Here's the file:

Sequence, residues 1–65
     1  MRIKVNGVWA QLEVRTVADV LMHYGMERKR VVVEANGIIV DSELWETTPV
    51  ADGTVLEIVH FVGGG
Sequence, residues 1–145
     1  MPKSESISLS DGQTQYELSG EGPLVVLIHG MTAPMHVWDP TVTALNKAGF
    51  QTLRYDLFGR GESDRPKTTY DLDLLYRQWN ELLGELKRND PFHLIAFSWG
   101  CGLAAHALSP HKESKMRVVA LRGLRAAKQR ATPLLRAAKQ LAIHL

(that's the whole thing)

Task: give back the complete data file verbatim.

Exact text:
Sequence, residues 1–65
     1  MRIKVNGVWA QLEVRTVADV LMHYGMERKR VVVEANGIIV DSELWETTPV
    51  ADGTVLEIVH FVGGG
Sequence, residues 1–145
     1  MPKSESISLS DGQTQYELSG EGPLVVLIHG MTAPMHVWDP TVTALNKAGF
    51  QTLRYDLFGR GESDRPKTTY DLDLLYRQWN ELLGELKRND PFHLIAFSWG
   101  CGLAAHALSP HKESKMRVVA LRGLRAAKQR ATPLLRAAKQ LAIHL